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April 21, 2014

Andrew Silow-Carroll: Passoverkill? Suggestions to make next year's seders even more culturally sensitive

Sara Israelsen Hartley: Seeking the Divine: An ancient connection in a new context

Christine M. Flowers: Priest's execution in Syria should be call to action

Courtnie Erickson: How to help kids accept the poor decisions of others

Lizette Borreli: A Glass Of Milk A Day Keeps Knee Arthritis At Bay

Lizette Borreli: 5 Health Conditions Your Breath Knows Before You Do

The Kosher Gourmet by Betty Rosbottom Coconut Walnut Bars' golden brown morsels are a beautifully balanced delectable delight

April 18, 2014

Rabbi Yonason Goldson: Clarifying one of the greatest philosophical conundrums in theology

Caroline B. Glick: The disappearance of US will

Megan Wallgren: 10 things I've learned from my teenagers

Lizette Borreli: Green Tea Boosts Brain Power, May Help Treat Dementia

John Ericson: Trying hard to be 'positive' but never succeeding? Blame Your Brain

The Kosher Gourmet by Julie Rothman Almondy, flourless torta del re (Italian king's cake), has royal roots, is simple to make, . . . but devour it because it's simply delicious

April 14, 2014

Rabbi Dr Naftali Brawer: Passover frees us from the tyranny of time

Greg Crosby: Passing Over Religion

Eric Schulzke: First degree: How America really recovered from a murder epidemic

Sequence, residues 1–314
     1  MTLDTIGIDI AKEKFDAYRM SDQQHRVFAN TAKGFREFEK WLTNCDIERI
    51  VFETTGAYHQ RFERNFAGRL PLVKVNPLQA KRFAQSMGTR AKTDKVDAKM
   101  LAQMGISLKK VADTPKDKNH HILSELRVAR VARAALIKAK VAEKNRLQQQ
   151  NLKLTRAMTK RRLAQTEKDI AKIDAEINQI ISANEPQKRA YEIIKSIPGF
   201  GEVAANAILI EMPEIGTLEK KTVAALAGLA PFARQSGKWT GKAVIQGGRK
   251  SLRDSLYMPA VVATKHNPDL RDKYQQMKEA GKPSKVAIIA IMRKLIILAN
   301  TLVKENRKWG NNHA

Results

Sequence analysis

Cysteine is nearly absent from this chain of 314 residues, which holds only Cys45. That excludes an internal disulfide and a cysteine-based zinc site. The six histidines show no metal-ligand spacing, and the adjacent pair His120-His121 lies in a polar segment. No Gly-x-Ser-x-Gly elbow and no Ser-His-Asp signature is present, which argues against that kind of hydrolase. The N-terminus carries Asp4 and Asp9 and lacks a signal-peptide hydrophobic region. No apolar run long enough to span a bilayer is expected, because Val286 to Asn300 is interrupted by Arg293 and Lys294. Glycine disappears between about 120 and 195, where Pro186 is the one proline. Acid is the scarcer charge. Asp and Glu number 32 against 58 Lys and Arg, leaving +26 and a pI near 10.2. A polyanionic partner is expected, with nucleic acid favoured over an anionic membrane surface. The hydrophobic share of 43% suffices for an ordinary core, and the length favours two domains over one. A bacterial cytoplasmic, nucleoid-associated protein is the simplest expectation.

Georgia Lee: When love is not enough: Teaching your kids about the realities of adult relationships

Cameron Huddleston: Freebies for Your Lawn and Garden

Gordon Pape: How you can tell if your financial adviser is setting you up for potential ruin

Dana Dovey: Up to 500,000 people die each year from hepatitis C-related liver disease. New Treatment Has Over 90% Success Rate

Justin Caba: Eating Watermelon Can Help Control High Blood Pressure

The Kosher Gourmet by Joshua E. London and Lou Marmon Don't dare pass over these Pesach picks for Manischewitz!

April 11, 2014

Rabbi Hillel Goldberg: Silence is much more than golden

Caroline B. Glick: Forgetting freedom at Passover

Susan Swann: How to value a child for who he is, not just what he does

Cameron Huddleston: 7 Financial Tasks You Should Tackle Right Now

Sandra Block and Lisa Gerstner: How to Profit From Your Passion

Susan Scutti: A Simple Blood Test Might Soon Diagnose Cancer